1. Introduction 2. King David 3. Henry V 4. Henry VIII 5. Ivan The Terrible 6. Frederick The Great 7. Tsar Alexander II 8. Queen Salote of Tonga 9. King Bhumibol Adulyadej
A royal court – the ideal place for music-making. With generous financial support and appreciative audiences, composers and performers often flourish under royal patronage. In European royal palaces of the 17th and 18th centuries, the music staff could include a full orchestra, opera company and chapel choir, as well as soloists and composers. Some of the most important chapters in musical history have been initiated through royal patronage, such as French opera in the court of Louis XIV, or the German Classical style under Frederick the Great.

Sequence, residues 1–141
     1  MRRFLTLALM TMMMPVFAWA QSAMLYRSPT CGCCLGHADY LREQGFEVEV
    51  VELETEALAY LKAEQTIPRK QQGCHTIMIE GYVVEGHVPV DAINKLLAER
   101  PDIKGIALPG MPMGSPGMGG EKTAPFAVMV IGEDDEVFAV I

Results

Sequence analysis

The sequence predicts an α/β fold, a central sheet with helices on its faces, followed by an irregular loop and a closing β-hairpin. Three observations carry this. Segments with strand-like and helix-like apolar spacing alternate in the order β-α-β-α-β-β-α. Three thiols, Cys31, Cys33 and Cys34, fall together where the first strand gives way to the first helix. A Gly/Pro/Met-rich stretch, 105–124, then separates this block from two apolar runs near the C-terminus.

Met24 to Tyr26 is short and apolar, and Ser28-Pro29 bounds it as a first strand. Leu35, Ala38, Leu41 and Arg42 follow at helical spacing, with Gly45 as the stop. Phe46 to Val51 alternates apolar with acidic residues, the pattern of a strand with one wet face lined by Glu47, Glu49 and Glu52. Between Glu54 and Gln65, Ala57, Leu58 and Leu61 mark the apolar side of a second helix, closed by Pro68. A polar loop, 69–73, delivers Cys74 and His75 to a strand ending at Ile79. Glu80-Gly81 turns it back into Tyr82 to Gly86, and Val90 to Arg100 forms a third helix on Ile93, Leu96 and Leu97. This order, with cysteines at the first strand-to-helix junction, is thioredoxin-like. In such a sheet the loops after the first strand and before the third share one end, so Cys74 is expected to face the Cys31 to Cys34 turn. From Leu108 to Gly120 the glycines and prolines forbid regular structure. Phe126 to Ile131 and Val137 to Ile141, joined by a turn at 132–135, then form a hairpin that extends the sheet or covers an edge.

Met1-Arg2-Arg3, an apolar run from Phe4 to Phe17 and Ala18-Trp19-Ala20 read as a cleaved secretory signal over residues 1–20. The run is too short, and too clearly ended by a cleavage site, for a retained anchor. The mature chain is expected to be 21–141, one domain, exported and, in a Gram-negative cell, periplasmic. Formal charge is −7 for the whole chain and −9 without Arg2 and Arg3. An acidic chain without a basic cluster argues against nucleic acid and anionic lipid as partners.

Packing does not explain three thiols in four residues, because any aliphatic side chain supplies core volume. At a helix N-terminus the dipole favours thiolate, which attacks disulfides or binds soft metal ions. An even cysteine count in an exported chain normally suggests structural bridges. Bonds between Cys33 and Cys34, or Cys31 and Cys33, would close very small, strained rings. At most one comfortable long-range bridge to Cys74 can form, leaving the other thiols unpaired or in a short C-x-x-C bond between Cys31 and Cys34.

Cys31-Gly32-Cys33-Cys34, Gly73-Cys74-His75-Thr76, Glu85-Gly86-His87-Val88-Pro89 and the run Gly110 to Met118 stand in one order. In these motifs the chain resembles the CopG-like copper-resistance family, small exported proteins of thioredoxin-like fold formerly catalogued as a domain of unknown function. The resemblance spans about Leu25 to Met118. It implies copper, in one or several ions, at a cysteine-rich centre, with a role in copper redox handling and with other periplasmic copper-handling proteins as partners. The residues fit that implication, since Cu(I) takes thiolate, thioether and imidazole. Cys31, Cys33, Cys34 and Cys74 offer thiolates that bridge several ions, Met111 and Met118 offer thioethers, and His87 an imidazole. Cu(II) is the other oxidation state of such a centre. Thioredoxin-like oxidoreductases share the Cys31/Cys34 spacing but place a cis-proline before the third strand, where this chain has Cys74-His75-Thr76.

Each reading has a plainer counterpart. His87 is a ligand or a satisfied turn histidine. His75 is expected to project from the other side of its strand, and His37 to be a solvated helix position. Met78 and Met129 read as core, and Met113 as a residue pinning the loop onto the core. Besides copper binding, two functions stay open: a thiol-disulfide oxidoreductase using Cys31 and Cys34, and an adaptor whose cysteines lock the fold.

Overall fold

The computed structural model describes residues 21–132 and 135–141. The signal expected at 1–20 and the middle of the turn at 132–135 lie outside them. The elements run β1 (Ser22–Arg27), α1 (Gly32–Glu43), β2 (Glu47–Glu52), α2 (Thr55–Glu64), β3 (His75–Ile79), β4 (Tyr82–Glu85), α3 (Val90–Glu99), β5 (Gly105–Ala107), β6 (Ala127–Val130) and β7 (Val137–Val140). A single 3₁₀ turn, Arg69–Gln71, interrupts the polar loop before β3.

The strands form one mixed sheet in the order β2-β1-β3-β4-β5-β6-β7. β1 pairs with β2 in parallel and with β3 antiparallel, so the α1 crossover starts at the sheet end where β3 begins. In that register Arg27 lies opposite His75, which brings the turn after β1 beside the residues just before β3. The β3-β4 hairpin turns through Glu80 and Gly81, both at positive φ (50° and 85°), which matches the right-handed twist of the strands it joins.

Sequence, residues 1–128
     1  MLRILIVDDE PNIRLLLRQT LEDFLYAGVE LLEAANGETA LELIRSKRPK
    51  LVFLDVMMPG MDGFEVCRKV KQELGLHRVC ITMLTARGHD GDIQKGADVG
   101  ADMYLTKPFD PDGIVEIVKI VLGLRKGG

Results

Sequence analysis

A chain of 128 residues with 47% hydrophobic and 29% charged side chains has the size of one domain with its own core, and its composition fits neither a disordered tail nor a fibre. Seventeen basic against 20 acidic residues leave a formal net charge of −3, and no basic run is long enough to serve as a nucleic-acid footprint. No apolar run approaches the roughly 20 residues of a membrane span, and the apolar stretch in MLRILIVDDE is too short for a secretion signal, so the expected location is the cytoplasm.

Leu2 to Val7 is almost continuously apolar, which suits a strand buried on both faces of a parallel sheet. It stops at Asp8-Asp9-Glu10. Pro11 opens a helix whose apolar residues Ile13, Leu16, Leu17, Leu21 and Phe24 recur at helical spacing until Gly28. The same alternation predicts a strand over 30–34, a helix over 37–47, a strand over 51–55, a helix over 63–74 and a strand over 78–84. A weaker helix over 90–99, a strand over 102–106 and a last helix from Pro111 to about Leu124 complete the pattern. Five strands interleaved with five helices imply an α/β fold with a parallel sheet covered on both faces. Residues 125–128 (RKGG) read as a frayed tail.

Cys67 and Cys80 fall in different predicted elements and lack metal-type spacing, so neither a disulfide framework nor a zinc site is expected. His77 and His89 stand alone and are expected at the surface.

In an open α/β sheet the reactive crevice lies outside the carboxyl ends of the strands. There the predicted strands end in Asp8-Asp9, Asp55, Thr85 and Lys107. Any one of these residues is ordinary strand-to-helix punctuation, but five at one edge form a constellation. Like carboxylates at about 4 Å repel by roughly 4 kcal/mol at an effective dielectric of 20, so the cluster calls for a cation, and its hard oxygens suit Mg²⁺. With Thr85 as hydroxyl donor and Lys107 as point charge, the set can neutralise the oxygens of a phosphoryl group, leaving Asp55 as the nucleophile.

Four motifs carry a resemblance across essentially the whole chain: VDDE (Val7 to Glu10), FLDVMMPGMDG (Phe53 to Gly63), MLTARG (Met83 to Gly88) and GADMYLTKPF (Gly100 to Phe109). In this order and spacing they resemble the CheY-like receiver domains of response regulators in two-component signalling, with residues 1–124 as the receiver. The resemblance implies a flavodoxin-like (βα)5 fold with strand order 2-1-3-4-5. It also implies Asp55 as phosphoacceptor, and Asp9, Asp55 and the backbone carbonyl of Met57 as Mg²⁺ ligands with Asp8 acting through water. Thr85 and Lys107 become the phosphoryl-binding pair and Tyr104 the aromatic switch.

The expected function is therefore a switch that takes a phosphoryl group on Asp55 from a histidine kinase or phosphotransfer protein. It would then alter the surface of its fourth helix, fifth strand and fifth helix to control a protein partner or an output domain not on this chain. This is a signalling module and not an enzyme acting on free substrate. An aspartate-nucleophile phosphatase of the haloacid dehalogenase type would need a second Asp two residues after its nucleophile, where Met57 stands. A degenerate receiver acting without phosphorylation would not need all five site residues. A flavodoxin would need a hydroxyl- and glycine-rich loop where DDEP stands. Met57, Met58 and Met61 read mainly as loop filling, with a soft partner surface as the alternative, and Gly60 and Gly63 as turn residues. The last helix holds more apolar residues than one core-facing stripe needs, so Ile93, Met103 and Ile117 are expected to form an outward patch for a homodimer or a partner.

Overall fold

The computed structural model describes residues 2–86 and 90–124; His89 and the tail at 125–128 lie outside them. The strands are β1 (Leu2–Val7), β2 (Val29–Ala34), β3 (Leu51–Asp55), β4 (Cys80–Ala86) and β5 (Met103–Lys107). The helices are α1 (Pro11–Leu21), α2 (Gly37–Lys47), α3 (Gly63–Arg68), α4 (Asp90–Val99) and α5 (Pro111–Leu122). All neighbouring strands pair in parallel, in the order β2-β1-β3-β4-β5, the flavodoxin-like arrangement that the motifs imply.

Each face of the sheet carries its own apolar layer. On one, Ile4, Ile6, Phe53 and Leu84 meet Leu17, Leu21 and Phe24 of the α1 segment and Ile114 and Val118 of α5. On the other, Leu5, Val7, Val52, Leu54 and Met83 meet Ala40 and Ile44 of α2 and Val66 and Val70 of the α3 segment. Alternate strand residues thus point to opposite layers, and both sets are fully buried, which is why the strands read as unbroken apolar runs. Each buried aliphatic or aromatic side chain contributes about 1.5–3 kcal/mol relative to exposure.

Members of royal families are often keen musicians themselves, singing and cultivating instrumental skills as part of a well-rounded education. And music by monarchs can prove very useful. When history comes to reassess a ruler better-known for military might or political cunning, music they have written can show us a gentler side, giving them a human face.
Composing monarchs rarely see it that way though....